Afterwards, apart from a measured response to Andrew Sarris’s charge of sanctimonious moralizing and sentimentality in Lewis’s films, Fujiwara chooses to make his reply to Lewis’s critical detractors implicit in his overall argument. And what emerges most forcefully from this argument is the conviction that almost all of Lewis’s previous critics have erred by simplifying the work — trying to make it conform to diverse industrial norms relating to narrative, humor, and continuity that it meets only superficially and cursorily. Thus, “In discarding the surface logic of narrative and verisimilitude, Lewis’s cinema foregrounds its own structural logic. The viewer of a Lewis film follows the unfolding and application of the rules of construction that belong to the film — rules that are independent of the demands of narrative. This is Lewis’s formalist, materialist side.” This is an especially useful tip in approaching The Bellboy (1960) and The Ladies Man (1961), Lewis’s first two features, although curiously enough, it’s his fifth, The Patsy (1964), that Fujiwara identifies as “the most fully achieved of Lewis’s films”.
Halfway through his essay, while taking up the matter of “generic discontinuity,” which he sees as “a constant feature of Lewis’s work,” Fujiwara registers his conviction that several portions of this oeuvre aren’t especially funny (e.g., “the first half of Which Way to the Front?” [personally, I find the hysterical gibberish in the early scenes flat-out hilarious], “fairly long stretches of The Family Jewels and Hardly Working, and, perhaps, nearly all of One More Time”), adding that “One of my premises is that Lewis’s work creates an impure, shifting context within which such a lack need not be accounted a flaw.” This is a provocative assertion that warrants some elaboration, and I wish Fujiwara had gone further enough with it to reconcile this claim with my own feeling that some of the funniest moments in Lewis’s cinema — such as his character’s inability to cross the floor of his psychiatrist’s office without falling, in the early stretches of Cracking Up — are central rather than incidental to his overall achievement. (I suspect Fujiwara would agree with me on this score, but even so, I would have preferred it if he had spelled out this portion of his argument a bit more fully.)
If the above quotations suggest that Fujiwara’s case for Lewis is basically a formalist one, other portions of his essay (which is suggestively titled “An American Dream”) move his analysis in a quite different direction, with very fruitful results: “`Home’ does not exist in Lewis’s world. His biography offers an explanation for this absence: his parents, vaudeville performers, were constantly on the road.” (Although Fujiwara doesn’t mention this, the fact that Lewis’s parents failed to attend his bar mitzvah, as recounted in his 1982 book with Herb Gluck, Jerry Lewis in Person, is surely telling.)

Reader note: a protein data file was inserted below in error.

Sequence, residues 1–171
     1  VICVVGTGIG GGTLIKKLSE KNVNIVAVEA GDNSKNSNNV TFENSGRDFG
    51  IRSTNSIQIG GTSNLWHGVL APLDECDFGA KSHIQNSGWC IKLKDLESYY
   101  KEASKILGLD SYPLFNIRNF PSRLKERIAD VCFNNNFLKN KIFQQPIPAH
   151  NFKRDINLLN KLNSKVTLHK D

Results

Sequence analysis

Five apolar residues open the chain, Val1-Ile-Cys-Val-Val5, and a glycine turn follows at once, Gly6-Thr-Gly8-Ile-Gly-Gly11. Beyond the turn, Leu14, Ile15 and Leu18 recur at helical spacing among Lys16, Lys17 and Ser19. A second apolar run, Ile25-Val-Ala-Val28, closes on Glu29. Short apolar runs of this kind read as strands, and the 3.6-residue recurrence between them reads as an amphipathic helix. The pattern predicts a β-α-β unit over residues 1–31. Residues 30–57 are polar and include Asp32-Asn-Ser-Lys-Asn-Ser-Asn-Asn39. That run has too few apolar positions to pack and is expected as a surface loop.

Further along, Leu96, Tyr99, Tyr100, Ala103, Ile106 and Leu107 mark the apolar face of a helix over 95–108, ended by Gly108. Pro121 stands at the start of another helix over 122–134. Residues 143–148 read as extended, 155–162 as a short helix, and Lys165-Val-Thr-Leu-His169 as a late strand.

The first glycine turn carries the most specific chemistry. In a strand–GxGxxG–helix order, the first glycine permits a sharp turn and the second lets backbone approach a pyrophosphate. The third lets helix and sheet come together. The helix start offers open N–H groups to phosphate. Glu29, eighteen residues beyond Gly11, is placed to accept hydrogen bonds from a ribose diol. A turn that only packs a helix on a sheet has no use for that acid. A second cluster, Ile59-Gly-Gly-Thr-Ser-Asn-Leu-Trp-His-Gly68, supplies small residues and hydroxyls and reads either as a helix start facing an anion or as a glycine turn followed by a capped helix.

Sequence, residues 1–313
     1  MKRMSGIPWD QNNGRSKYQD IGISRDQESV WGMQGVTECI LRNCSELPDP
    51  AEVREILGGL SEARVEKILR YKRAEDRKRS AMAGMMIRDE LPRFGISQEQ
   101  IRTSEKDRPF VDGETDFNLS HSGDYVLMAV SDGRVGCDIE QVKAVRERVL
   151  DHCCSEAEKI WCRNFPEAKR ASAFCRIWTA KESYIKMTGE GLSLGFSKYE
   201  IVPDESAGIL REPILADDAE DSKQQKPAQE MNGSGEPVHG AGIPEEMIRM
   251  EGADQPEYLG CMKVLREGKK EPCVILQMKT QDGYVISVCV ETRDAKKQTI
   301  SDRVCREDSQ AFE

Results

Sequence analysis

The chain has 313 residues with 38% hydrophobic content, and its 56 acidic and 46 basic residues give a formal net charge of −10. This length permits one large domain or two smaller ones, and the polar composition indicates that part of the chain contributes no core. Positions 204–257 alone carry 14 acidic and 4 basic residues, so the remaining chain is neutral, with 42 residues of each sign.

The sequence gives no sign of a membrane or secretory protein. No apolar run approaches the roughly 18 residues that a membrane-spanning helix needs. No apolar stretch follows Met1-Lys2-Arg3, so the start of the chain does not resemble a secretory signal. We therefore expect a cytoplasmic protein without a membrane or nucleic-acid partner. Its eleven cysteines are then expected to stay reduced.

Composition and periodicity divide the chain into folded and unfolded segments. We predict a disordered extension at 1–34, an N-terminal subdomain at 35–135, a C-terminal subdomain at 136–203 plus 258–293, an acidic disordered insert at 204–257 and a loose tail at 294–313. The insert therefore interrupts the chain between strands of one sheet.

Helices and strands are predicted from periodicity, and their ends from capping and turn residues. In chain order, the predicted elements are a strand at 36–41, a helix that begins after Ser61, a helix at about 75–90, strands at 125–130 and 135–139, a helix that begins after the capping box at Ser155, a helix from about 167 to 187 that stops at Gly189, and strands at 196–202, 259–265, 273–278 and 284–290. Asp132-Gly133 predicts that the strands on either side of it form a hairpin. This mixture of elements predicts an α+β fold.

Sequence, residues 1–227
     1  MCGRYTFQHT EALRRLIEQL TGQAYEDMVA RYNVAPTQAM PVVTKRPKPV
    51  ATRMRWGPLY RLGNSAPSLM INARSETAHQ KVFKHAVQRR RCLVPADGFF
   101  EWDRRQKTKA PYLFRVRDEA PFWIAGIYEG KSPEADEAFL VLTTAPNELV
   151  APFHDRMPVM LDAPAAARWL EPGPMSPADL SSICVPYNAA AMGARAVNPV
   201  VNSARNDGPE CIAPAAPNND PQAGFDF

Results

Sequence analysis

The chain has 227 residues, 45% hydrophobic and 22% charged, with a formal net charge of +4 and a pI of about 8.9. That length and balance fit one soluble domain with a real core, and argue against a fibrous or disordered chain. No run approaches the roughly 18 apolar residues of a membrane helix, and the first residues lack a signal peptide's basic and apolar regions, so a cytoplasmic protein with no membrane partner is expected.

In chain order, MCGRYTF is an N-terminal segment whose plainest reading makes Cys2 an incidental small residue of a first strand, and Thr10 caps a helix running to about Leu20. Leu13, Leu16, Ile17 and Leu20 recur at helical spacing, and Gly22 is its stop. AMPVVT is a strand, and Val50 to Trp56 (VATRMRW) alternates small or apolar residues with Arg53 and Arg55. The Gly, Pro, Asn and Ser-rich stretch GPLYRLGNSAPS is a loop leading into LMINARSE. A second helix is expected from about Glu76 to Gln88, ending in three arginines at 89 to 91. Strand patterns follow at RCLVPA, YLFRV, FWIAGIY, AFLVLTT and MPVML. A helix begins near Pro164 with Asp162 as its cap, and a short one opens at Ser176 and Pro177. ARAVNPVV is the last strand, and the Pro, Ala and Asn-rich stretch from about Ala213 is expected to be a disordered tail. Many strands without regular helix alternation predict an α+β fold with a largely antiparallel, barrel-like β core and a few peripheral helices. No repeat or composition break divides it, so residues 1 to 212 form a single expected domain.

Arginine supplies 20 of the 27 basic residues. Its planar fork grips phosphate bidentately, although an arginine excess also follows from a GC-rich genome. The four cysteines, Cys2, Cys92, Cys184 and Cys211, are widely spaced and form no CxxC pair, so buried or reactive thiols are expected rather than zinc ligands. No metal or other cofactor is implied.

And a page later: “Show business constitutes, for Lewis, an alternate psychoanalysis, a therapeutic sphere in which he acts out his obsessions in public and transcends them (see the confession scene in the prom in The Nutty Professor). In several films, Lewis depicts show business as an alternate family.” As Fujiwara notes, Lewis seems to be fully aware of this factor himself; in Dean and Me (A Love Story) — his 2005 memoir written with James Kaplan, which Fujiwara rightly terms as the best account of his early career — he says of Dean Martin and himself, in their meteoric rise to success, “What we really were, in a Freudian age of self-realization, was the explosion of the show-business id.” So it’s hardly surprising that the same comic who would later build elaborate gag sequences in Cracking Up(1983) derived from his near-brush with a suicide attempt and his open-heart surgery would in fact base most of his features on some of his most personal conflicts and issues.
It’s my own conviction that Lewis’s naked vulnerability as well as his courage in brandishing it partially accounts not only for his improvisational genius on live television at the onset of his career but also for the aforementioned fear and loathing in portions of his American audience more recently. Several years ago, during a period when he was appearing onstage as the Devil in Damn Yankees during its Chicago run, he graciously agreed to appear at an extended public q and a at Columbia College — a session that lasted, if memory serves, for at least three hours. The sense of risk and danger in the auditorium that afternoon was palpable, and it came, I think, from the fact that Lewis stayed so close to the edge of his emotions, seemingly as a matter of both policy and temperament. The possibilities of being hurt, and of hurt being transformed into anger and rage, were never entirely absent, even though he managed to keep his cool on the few occasions when one of the questions betrayed some hostility — hostility that may have derived in part from some of the tension generated.
For those commentators who wrongly maintain that Buddy Love in The Nutty Professor (1963) derives from Dean Martin and not from Lewis himself, the giddy megalomania of the man who spread his remarkable boarding-house set over two of Paramount’s soundstages in The Ladies Man (1961) and then filled them with nubile actresses has never been reconciled with the fumbling and bumbling idiot as well as the sexual panic of Lewis’ own persona within that space. Fujiwara has made a bracing start at mapping out the relationship between those two seemingly antithetical individuals, and better yet, has a pretty good idea of what these people might have to say to one another. — Jonathan Rosenbaum